Very few post frame building kit package providers service more than a very small geographic area. While this may give them an intimate knowledge of a local marketplace, how buildings are most often constructed in their area, and expectations from Building Officials – it does come with some risks.
In the event their local economy has a hiccup, they are often in trouble.
For the very few who spread their risk of encountering economic bumps in the road, by servicing larger geographic regions – most look upon their opportunity as one large homogenous market.
The problem is, not every part of the country is used to having pole buildings constructed the same way. The choice is to try to force people into a post frame building style they are not comfortable or familiar with, or create “local” options.
I relate to this personally from a geographic move I made in the late 1970’s. My Dad and Uncles were framing contractors in the Spokane, WA area. Typical residential construction was full basements, poured using plywood concrete forms. Appropriately sized floor joists were placed from foundation walls to interior beams or bearing walls, with plywood over. And there was no framing lumber other than kiln dried.
Culture shock in 1979 when I moved 400 miles to manage a roof truss manufacturing plant in the Willamette Valley of Oregon. Foundations were formed up by stacking up 2×8 #3 lumber. Most often they were crawl spaces, not basements. In the crawl spaces, 4×8 #3 beams were placed every four feet and the 2×8 form lumber was installed across the beams, perpendicular to the beams, and placed flat. The shocker – all of the lumber was green!!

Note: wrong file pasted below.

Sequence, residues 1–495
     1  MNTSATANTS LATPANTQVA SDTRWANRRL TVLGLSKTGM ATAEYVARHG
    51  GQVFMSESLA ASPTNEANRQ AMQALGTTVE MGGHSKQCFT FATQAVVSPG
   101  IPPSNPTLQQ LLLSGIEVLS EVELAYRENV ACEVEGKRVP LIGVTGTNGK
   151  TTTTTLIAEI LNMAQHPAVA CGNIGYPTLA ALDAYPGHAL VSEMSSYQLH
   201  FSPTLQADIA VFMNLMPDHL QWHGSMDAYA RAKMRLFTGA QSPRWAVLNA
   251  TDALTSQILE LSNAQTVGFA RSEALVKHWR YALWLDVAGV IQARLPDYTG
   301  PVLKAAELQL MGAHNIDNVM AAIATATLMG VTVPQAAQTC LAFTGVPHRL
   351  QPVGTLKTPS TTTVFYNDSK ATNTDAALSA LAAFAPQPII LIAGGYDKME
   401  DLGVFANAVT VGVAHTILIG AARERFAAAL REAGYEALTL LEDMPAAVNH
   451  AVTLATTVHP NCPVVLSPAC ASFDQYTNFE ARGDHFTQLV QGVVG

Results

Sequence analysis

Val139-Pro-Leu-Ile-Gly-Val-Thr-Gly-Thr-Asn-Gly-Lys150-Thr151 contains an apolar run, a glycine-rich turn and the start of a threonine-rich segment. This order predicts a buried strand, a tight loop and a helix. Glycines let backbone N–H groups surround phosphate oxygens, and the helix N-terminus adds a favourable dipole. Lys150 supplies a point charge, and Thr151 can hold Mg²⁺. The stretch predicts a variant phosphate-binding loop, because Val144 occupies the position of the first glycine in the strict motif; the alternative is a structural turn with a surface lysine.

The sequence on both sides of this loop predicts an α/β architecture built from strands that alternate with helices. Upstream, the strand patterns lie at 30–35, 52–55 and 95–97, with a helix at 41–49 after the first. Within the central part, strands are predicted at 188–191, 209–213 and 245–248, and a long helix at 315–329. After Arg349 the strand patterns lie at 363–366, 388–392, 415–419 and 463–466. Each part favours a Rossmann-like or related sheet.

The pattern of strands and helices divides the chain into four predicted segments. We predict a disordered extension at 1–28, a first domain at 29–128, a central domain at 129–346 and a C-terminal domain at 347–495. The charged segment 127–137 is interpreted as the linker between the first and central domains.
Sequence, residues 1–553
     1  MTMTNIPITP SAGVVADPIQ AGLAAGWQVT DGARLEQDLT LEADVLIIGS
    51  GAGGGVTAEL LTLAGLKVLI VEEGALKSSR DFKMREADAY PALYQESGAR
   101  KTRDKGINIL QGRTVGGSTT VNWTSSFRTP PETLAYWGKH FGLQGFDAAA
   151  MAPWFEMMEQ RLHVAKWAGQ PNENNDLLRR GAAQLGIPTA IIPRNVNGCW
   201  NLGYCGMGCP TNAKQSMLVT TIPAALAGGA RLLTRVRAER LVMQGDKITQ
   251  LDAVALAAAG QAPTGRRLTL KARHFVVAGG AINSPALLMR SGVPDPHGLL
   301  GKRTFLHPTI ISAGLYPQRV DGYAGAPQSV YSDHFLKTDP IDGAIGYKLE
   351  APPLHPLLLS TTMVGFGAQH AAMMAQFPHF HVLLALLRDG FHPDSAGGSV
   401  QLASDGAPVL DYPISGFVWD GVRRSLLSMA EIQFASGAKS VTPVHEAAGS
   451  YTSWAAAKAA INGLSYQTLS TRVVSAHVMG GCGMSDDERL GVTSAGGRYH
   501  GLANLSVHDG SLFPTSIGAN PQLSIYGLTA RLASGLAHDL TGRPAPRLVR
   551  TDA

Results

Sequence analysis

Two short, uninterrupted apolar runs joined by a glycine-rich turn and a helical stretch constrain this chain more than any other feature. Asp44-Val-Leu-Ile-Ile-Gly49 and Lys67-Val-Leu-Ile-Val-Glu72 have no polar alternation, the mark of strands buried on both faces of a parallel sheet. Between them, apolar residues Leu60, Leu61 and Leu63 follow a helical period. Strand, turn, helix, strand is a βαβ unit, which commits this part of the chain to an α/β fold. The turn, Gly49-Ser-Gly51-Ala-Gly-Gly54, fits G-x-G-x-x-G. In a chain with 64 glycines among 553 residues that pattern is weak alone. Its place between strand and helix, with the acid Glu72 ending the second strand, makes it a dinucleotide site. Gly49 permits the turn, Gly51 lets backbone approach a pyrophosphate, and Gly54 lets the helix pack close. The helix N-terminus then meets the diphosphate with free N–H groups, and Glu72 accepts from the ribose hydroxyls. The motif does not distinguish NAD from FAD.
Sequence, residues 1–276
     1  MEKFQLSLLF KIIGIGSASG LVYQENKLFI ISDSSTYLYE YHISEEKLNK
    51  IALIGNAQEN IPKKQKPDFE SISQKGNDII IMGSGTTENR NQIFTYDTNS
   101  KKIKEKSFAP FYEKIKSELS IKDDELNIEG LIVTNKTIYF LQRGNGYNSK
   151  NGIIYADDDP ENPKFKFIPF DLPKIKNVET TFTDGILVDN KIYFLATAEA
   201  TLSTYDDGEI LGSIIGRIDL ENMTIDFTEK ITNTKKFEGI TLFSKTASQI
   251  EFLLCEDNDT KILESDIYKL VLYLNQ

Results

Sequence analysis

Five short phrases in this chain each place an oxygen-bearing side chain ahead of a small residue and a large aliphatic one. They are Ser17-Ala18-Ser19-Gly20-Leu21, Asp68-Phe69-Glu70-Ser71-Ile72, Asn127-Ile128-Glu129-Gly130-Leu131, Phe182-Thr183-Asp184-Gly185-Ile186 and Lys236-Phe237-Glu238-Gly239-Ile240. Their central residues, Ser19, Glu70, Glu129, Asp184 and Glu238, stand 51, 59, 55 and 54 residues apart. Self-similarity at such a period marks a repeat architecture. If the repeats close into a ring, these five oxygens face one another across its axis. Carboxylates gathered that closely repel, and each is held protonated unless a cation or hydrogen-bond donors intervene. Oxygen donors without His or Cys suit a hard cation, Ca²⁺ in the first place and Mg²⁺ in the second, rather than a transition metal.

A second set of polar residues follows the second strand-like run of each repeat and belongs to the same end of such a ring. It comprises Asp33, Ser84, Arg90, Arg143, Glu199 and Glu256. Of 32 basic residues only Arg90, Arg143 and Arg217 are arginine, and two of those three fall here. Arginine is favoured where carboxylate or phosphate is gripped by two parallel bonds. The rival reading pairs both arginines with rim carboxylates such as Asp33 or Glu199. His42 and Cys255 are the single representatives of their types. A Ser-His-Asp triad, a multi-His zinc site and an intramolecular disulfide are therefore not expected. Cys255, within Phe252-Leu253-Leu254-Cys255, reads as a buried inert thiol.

All of this makes the regional dissimilarities of post frame construction seem minor.
In the Eastern U.S. the most familiar post frame building style places columns every eight feet, with headers (also known as truss carriers) between the columns to support prefabricated wood roof trusses spaced either two or four foot on center.
Moving to the Central U.S., the columns could be anywhere from six to ten foot on center, with single trusses aligning with the columns, and generally 2×4 roof purlins placed on edge.
In the West – columns are usually every 12 feet, with double trusses aligning with the columns and 2×6 or larger roof purlins on edge.
The “every day” Hansen Building is a hybrid, having incorporated the best structural and aesthetic features from all across the country. As well, components are selected for ease of installation by those doing the assembly.
While the great majority of the Hansen Pole Buildings’ clients prefer and indeed invest in the “classic” Hansen Building, we have found catering to regional needs appeals to the broadest spectrum of clients, as well as their builders. Everyone has their own “comfort level” of building style commonly used in their part of the country. As long as the building is designed to the local building code, we see no reason to force folks into a building style with which they are not familiar nor comfortable. After all, it is your building!